In news of sick mind games (played to cover their own ass?, played to keep the news coverage more 'upbeat'?), on Monday the Department of Defenense announced: "Spc. Dustin M. Adkins, 22, of Finger, Tenn, has been unaccounted for since Dec. 3 in Haditha, Iraq, when the Chinook helicopter he was in made an emergency landing. He is assigned to the Group Support Battalion, 5th Special Forces Group, Fort Campbell, Ky." But AP reports that "relatives of 22 year old Dustin Adkins of Finger told The Jackson Sun newspaper Monday night that his body has been recovered after the soldier was listed as missing." Note the key word "after." Ned B. Hunter (AP) reports that "Mayrine Adkins, the soldier's grandmother, said the family was notified about 3 p.m. Monday that his body had been found. Mayrine Adkins said her grandson was one of two Army soldiers on the helicopter along with several Marines."
This is the Sunday helicopter crash ('crash landing,' if you prefer, but it's a crash) that claimed the lives of four Marines. Kirk Semple (New York Times) reports that there were 16 people on board and that the lake it crashed onto was Lake Qadisiya. Though the military claims it was 'mechanical' issues that brought about the crash, Nancy Trejos (Washington Post) reports two sources who state differently: "The mayor of Haditha, Ibraheem al-Bayati, and Iraqi army Lt. Hussein Muslih said the helicopter had been shot down by insurgents with machine guns as it was taking off from the town" and Trejos notes: "the Islamic State of Iraq posted a sign on a nearby mosque in Haditha announcing that the helicopter had 30 passengers on board and had been downed".
Turning to Australia, the military inquiry into the April 21st Baghdad death of Jake Kovco released their report December 1st. Dan Box (The Australian) reports that Judy Kovco (Jake's mother) and Shelley Kovco (Jake's wife) have "received legal advice" and will "demand an independent review of the military's finding that the young paratrooper was skylarking with his pistol when he was fatally shot." Ian McPhedran (Herald-Sun) feels that the inquiry has demonstrated "why a civilian should run such investigations" and McPhedran provides strong examples including "ruling out suicide even before its hearings had concluded"; refusal to apportion blame for the failure to preserve evidence in terms of Kovco's room, et al; and a failure to seriously explore the mix up of Jake Kovco's body with the body of Juso Sinanovic.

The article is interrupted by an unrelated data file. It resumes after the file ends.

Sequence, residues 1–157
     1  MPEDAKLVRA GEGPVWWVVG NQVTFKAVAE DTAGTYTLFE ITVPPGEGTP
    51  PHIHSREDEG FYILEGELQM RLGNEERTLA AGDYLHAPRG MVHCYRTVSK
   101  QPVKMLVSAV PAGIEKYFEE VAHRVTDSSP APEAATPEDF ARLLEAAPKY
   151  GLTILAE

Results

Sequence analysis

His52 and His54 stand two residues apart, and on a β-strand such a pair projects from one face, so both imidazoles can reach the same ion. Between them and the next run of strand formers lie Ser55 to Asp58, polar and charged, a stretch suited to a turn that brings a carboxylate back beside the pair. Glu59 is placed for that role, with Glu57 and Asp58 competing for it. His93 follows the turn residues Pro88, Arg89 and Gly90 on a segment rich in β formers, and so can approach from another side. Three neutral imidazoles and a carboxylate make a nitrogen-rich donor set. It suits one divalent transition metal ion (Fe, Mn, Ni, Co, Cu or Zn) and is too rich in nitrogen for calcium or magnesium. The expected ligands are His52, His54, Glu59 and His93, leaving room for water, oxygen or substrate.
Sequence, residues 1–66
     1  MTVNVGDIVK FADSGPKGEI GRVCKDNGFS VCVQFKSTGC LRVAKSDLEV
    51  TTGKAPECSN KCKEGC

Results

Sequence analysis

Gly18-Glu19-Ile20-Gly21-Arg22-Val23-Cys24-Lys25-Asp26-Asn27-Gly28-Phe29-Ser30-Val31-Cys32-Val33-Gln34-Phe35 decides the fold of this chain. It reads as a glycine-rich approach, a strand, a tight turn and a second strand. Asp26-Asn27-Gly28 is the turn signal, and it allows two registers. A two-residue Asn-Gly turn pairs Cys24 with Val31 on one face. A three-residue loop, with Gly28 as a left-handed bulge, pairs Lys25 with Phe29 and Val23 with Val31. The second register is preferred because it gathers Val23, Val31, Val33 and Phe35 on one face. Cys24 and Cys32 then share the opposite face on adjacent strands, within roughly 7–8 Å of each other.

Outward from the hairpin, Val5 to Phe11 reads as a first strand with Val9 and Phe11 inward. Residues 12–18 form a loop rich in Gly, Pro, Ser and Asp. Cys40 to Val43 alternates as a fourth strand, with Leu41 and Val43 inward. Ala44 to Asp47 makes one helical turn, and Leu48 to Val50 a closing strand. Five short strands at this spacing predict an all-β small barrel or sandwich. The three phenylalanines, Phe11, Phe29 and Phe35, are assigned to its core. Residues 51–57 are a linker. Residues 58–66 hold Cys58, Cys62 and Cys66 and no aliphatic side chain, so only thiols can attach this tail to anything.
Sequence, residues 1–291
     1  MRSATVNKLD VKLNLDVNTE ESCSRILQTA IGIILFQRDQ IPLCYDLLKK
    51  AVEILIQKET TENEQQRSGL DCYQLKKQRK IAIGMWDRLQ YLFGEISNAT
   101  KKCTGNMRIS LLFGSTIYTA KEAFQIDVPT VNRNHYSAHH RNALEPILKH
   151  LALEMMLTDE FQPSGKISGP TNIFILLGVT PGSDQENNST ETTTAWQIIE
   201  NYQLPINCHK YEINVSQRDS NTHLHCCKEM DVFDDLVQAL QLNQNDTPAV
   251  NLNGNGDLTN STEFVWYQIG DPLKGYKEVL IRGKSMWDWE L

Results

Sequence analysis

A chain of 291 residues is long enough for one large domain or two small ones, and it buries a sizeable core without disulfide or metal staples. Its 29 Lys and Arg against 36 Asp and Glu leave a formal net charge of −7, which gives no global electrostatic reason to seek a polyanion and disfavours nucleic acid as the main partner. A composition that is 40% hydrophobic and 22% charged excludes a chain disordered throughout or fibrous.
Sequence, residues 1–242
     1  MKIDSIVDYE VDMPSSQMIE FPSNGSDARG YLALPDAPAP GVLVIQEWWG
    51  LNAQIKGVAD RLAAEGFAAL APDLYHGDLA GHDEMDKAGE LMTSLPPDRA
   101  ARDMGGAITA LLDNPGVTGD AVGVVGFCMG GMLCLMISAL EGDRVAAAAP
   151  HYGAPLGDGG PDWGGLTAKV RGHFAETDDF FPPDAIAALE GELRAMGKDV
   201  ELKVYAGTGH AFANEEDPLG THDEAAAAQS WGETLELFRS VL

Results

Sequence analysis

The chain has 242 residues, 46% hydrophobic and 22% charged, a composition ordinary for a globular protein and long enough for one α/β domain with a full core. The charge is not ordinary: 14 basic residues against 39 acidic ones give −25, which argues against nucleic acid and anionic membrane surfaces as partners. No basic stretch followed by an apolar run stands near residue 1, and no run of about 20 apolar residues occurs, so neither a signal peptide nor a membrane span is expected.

MCPhedran notes: "Jake Kovco's mother, Judy, has labelled the excercise a cover-up and she is absolutely correct." Last weekend, Judy Kovco spoke out about some of the problems with the inquiry and its findings noting that she had "sat through three months of listening to all of this" and that no explanations have been provided including why there was "more DNA on that gun that Jacob's own DNA inside and out and their excuse for that DNA being on the gun and the cartridge is just laughable."
Judy Kovco is specifically referring to Steven Carr, identified during the inquiry as "Soldier 14," whose DNA was found on Jake Kovco's gun. Carr maintained that he never touched Jake Kovco's weapon and offered laughable excuses such as maybe he touched a radio and then Jake touched a radio and then Jake touched his gun and that's how his (Carr's) DNA got on Jake's gun. It was laughable but it got picked up and run with as though it was even possible. Forensice expert Michelle Franco rejected that laughable claim to the inquiry and noted that were that transfer nonsense true that within a half-hour, Carr's DNA would have been all but gone from the gun. Instead, it was found on the gun's slide in significant amounts (it was also found elsewhere) that were consistent with Carr having handled the gun.
The inquiry's findings sidestepped and ignored the government's witness and avoided this issue which is only example of how they failed to address the death of Jake Kovco.
Yesterday, in the US, Bully Boy met with Shi'ite Abdul-Aziz al-Hakim and appeared to offer a 'strategy' that Robert Knight ( KPFA's Flashpoints) called addressing death squads with . . . death squads. Dilip Hiro (Guardian of London) sees the meet up with the Bully Boy as an attempt to divide Shias (and neutralize Sadr). On The KPFA Evening News yesterday, Sandra Lupien noted that "al-Hakim said the only way to stave off civil war in Iraq is for US forces to strike harder against Sunni-led resistance fighters" and that his organization fought on the side of Iran in the 80s Iraq-Iran war. Sheryl Gay Stolberg (New York Times) reports that al-Hakim "remarked last week that if Iraq deteriorated into civil war, Sunni Arabs would be the 'biggest losers' -- a comment that was widely interpreted as a veiled threat to Sunnis." Divide and conquer has worked so well for the US administration -- oops!, it hasn't. It's resulted in a civil war in Iraq.